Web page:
Low-carbon cities are a $24 trillion opportunity
The world is facing a climate emergency, forcing us all to rethink the best way to spend resources, create jobs and improve quality of life for all.
In these critical times, cities offer one of the biggest opportunities. With most of the world’s population, economic activity and carbon emissions concentrated in cities, it is becoming ever-more-clear that the fate of cities is the fate of the planet. Science tells us that the world must reach net-zero emissions by 2050 to keep global warming below 1.5 degrees Celsius. A new report from the Coalition for Urban Transitions, "Climate Emergency, Urban Opportunity," finds that low-carbon cities can reduce emissions while offering tremendous economic opportunities.
Researchers found that investing in 16 low-carbon measures in cities could cut global urban emissions by 90 percent by 2050 and has a net present value of almost $24 trillion, equivalent to nearly one-third of the global GDP in 2018. This means that between now and 2050, the total benefits of these investments will exceed their total costs by almost $24 trillion. Broken down by years, an average annual investment of $1.8 trillion (about 2 percent of global GDP in 2018) would yield returns of $2.8 trillion per year by 2030, and $6.9 trillion per year by 2050.
Most of these returns are the result of cost savings from decreased energy use and improved energy efficiency, as well as decreasing the use of materials such as cement and steel. For example, investments in making the vehicle fleet more electric and fuel-efficient would pay for themselves in as little as eight years because they would lower the cost of powering those vehicles. Retrofits to make buildings more energy-efficient would save money on heating and cooling bills long into the future.
What are the biggest economic opportunities in low-carbon cities?
The bundle of investments considered in this analysis included low-carbon measures across residential and commercial buildings, passenger and freight transport, production and use of construction materials such as steel and cement that are common in urban infrastructure, and the waste sector, which together would reduce urban emissions by 15.5 gigatonnes by 2050 (including decarbonizing electricity). This is over 40 percent of the total global emissions from fossil fuel energy sources in 2018. All of these investments are possible with today’s technologies and offer a range of various economic benefits. Some offer short payback periods, while others might call for higher upfront investments that will then generate millions of jobs in future decades.
Seven of the 16 measures studied have an average payback period of one year or less, including improving the efficiency of lighting buildings, and improving logistics for freight transport (such as developing urban consolidation centers). Across the board, interventions in passenger transport offer some of the most attractive returns. This reflects the transport sector’s tremendous potential for both economic benefits and emission reductions, especially because mass and non-motorized transport will be key in fostering compact, connected, clean cities with zero emissions.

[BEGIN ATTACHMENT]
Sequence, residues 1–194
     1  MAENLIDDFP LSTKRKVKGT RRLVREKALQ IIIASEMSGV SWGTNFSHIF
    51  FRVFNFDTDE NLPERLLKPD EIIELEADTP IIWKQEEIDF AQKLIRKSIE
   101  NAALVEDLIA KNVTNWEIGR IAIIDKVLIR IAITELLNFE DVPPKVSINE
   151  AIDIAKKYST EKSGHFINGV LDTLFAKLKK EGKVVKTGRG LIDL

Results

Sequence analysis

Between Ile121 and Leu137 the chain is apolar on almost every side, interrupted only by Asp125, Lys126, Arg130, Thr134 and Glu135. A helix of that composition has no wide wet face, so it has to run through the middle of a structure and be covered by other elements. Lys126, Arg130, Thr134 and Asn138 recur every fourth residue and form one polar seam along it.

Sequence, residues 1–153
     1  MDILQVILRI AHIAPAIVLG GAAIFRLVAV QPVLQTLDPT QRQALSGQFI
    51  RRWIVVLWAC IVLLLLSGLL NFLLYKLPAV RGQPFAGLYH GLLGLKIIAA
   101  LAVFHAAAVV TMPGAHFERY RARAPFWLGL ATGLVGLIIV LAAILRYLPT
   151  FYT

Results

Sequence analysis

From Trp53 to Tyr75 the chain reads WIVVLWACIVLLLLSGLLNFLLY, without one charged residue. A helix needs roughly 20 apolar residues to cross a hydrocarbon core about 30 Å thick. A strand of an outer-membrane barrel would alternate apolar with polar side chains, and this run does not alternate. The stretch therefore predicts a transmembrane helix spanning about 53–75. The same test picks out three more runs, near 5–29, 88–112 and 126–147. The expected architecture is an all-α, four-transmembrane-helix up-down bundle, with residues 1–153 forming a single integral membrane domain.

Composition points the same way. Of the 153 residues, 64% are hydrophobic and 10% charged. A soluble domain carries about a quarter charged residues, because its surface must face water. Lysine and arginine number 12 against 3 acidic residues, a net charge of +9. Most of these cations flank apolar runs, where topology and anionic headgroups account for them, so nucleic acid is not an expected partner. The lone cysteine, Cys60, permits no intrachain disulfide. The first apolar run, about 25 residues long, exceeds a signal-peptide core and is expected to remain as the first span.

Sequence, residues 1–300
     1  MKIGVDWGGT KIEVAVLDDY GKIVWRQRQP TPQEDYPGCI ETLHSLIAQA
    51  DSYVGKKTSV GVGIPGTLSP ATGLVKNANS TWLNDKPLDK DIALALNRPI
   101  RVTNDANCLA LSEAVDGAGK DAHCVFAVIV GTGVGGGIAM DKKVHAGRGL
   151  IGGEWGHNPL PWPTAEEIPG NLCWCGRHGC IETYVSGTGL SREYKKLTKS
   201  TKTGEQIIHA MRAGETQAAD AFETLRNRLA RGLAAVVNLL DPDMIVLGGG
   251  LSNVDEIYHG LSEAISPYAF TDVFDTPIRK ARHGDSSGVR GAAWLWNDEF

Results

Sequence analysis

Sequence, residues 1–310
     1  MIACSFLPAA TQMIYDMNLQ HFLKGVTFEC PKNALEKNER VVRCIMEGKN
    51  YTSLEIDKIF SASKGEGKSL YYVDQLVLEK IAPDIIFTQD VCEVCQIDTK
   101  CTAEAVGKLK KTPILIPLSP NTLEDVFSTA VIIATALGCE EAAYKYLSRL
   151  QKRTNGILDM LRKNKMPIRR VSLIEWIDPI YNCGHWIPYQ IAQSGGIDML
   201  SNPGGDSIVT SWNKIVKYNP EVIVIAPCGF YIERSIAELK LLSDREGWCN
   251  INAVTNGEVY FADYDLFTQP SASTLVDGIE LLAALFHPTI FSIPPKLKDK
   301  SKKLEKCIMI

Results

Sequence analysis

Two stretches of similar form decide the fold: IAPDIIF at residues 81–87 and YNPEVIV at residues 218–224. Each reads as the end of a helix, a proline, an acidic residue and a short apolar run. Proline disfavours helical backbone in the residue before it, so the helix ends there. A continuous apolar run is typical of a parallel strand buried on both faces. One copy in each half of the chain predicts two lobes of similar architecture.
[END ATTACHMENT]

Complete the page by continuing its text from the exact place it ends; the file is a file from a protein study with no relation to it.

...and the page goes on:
Two measures have a net present value above $10 trillion: increasing the share of passengers on mass transit; and reducing demand for motorized travel through planning more compact cities. This means that between now and 2050, the total benefits of these investments will exceed their total costs by $20 trillion and $10 trillion, respectively.
Other measures have a negative net present value, such as more efficient appliances (minus-$0.2 trillion in residential buildings) and deep building efficiency (minus-$4 trillion in commercial buildings). Even though some yield positive annual returns as soon as 2030, their relatively higher investment costs are greater than their economic benefits by 2050.
However, all these figures underestimate the true scale of the returns, because they do not include the wider socioeconomic and environmental benefits that arise from, for example, a healthier and more productive population, reduced traffic congestion or robust ecosystem services. Moreover, all investments would unlock significant emission reductions, and collectively form part of an attractive bundle of low-carbon investments with net present value of almost $24 trillion in today’s terms.
Investments in low-carbon cities also could support as many as 87 million jobs in 2030 and 45 million jobs in 2050. The greatest opportunities for job creation are in the transportation sector: By 2050, making passenger fleets more efficient and electric could support 20 million jobs, and increasing the share of passengers on mass transit could support 12 million more jobs. Creating opportunities for decent work in promising fields such as clean energy and electric transportation will help ease the transition to a low-carbon economy, especially for workers in high-carbon industries such as coal mining.
The costs of inaction
However, city governments cannot realize these economic opportunities alone. National governments have crucial roles to play, including their unique ability to raise and steer finance for sustainable urban infrastructure.
Meanwhile, the costs of inaction continue to become clearer. Cities everywhere will change dramatically in the next few decades. In Africa and Asia, the urban population is expected to grow by 2.5 billion people over the next 30 years. Failing to make a low-carbon transition at this critical moment will jeopardize the ecological health that underpins all economic prosperity. The burden of this damage will be borne primarily by low-income and marginalized groups who contributed the least to climate change.
There is no time to lose, and with more research showing the benefits of action and costs of inaction, there is no excuse not to act.